Off the Kuff Rotating Header Image

Greens temporarily make the ballot

The Texas Secretary of State has certified the petition signatures to allow the Green Party on the ballot this fall.

On Wednesday, the secretary of state’s office announced that the party had presented sufficient signatures to field candidates in the fall. The party hasn’t fielded a statewide slate since 2002.

Buck Wood, an Austin lawyer and expert in election law, said the Green Party could have problems if it lists Take Initiative America as the donor instead of the actual source of the funding.

He says Texas law requires more transparency in reporting political money. He said if Take Initiative America is a corporation, it is forbidden from making a donation. If the company is not a corporation, there are other reporting requirements aimed at better disclosing the original donor, he said.

[Kat Swift, state coordinator for the Green Party in Texas] said if the party gets written confirmation that it can legally list Take Initiative America as the in-kind donor, it intends to move forward and field candidates in the fall campaign. She said the group has until June 30 to make the decision.

The TDP has now filed suit to force the disclosure of the donor or donors’ identity.

The motion for a restraining order was filed this morning in district court in Austin. If granted, it would allow lawyers for the Democratic Party to take depositions of participants under oath to find out who bankrolled the effort.

And just like that, a temporary restraining order is granted.

[The TRO] will prevent the Green Party from certifying any candidates for the November ballot for the next 14 days. The big question is whether the Green Party’s use of out-of-state money to gather the more then 92,000 signatures they submitted to get on the ballot (well above the 44,000 necessary) violates state law.


Regarding today’s decision, TDP General Counsel Chad Dunn said, “The public should view this as a victory for fair elections.” Ultimately, he said, his goal is to expose a “conspiracy between Dave Carney and Tim Mooney,” the former being a prominent advisor to Republican Gov. Rick Perry.

The issue will be revisited at a hearing set for 9 a.m. on June 24. In the meantime, Dunn says he will be in the discovery process getting to the bottom of what he referred to as “this Republican Rick Perry conspiracy.”

If you’re wondering what Dave Carney has to do with this, let the Lone Star Project enlighten you.

Documents obtained by the Lone Star Project reveal that Rick Perry’s top political advisor Dave Carney has a long and direct link to the manager of the Texas Green Party/GOP ballot scam. In 2004, Carney teamed-up with Texas ballot scam leader Tim Mooney to gather signatures to put Ralph Nader on the ballot in order to assist the George W. Bush Presidential campaign.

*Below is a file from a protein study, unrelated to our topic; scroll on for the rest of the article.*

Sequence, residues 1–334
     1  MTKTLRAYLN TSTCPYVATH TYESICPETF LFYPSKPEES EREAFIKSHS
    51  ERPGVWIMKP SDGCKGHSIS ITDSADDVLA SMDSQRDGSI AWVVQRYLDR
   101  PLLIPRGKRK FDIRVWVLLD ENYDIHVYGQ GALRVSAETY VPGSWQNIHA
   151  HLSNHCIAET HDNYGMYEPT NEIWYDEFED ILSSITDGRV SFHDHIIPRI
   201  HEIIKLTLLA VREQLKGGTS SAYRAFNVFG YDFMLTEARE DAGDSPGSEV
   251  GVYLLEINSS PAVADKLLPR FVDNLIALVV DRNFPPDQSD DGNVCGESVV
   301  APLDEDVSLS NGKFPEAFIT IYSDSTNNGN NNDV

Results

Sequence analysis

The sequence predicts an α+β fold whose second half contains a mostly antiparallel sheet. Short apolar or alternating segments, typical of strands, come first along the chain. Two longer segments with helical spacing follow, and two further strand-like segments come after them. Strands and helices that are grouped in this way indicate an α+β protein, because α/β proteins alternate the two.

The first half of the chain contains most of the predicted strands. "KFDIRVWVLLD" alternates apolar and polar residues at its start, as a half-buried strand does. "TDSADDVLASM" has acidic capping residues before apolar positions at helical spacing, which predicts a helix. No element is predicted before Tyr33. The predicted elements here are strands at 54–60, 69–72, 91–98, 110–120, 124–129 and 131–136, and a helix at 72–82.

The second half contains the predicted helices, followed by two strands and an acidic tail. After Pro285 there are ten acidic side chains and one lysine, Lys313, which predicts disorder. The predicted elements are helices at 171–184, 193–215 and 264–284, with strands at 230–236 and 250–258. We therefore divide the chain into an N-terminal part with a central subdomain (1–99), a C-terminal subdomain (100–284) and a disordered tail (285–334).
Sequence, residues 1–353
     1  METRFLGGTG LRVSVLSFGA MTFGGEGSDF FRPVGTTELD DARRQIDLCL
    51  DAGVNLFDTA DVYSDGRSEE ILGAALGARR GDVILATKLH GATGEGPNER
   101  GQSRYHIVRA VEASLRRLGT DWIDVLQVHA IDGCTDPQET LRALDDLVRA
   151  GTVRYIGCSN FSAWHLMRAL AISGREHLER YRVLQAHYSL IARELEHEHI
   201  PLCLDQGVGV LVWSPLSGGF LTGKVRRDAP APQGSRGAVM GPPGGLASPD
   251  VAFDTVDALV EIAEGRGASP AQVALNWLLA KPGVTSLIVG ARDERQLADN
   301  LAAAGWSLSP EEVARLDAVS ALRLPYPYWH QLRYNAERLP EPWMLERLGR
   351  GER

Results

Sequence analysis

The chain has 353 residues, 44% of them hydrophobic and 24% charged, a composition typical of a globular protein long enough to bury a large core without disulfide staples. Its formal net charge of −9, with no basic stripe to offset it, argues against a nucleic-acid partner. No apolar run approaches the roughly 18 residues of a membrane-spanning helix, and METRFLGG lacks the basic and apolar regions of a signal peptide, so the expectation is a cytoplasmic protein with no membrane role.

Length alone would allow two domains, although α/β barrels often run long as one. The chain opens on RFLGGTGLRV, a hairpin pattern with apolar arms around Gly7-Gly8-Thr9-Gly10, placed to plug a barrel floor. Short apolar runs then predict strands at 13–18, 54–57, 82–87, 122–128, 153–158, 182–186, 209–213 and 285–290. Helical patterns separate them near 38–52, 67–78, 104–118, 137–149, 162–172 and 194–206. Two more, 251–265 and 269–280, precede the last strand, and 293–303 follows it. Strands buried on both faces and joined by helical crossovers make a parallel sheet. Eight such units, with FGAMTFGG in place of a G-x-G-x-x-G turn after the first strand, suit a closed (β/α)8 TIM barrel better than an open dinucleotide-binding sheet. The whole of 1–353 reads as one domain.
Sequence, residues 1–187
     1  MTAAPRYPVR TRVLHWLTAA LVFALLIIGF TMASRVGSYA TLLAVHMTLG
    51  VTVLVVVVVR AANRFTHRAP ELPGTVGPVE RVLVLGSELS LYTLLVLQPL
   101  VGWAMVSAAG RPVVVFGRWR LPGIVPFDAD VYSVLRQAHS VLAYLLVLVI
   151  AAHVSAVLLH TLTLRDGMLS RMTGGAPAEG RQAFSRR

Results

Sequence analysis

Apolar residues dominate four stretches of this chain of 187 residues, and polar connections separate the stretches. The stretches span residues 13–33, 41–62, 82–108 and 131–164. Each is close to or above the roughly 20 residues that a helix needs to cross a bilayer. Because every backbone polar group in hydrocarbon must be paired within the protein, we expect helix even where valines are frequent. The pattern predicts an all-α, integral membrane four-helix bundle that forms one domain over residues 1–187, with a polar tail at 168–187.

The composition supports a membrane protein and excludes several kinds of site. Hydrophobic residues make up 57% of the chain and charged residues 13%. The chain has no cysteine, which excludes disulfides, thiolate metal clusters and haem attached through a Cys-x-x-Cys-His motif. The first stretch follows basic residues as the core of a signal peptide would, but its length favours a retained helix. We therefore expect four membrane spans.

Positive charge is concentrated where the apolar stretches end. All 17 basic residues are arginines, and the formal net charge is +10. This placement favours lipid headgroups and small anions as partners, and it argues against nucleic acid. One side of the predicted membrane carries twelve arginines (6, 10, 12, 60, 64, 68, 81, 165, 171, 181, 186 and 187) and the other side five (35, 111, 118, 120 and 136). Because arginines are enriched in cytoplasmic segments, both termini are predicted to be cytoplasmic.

In 2004, Carney worked with a group called “Choices for America, LLC” which was “run” by Mooney – the same Republican operative who collected signatures for the Green Party of Texas in 2010. (Dallas Morning News, August 12, 2004) Both Choices for America, LLC, the shell group used in 2004, and Take Initiative America, LLC the shell group used in 2010, are registered to Charles Hurth III. (Missouri SOS)

According to the Dallas Morning News, “Perry campaign spokesman Mark Miner said the governor’s campaign had nothing to do with the petition-gathering effort.” It now appears that statement is likely not true.

Now you know why these guys like to operate in secret. I agree with what the DMN says.

The bottom line on Texas campaign-finance law is that corporations, either for-profit or nonprofit, can’t legally contribute to candidates or to parties, except to cover party administrative expenses. Yet the Green Party says it intends to report the nonprofit Take Initiative America as the source of an in-kind contribution.

The legality of the money behind the Green petitions needs to be tested in court. The secretary of state’s office will validate signatures but does not administer campaign-finance laws. Campaign finance is the purview of the Texas Ethics Commission, which typically investigates complaints and levies fines.

Other scenarios that would root out the facts involve a civil action by Democrats or an investigation by the Travis County district attorney. Either way, the integrity of the finance laws must be ensured.

The reason why the money came from the non-profit Take Initiative America to the Green Party is because Take Initiative America doesn’t have to disclose who its donors are. For all we know, it’s one wealthy person who wrote the check that covered the cost of getting the petition signatures. The fact that this can be done in secret is the problem. We have a right to know who is attempting to influence our elections. BOR has more.

Related Posts:

One Comment

  1. Brad M. says:

    I think people are losing sight of what is important here. Carole Keeton Strayhorn and her campaign managers were idiots. They spent $1M on their petition campaign in 2006. They coulda’ gotten their signatures for just a measly $200K if they’d used Free & Equal.

    So to sum…

    A) Free & Equal did a pretty good job for $200K and should be commended
    B) I am glad Strayhorn did not become governor or else Texas’ budget woes could be even greater. And to think…she was our Comptroller. Dang, where was her brain?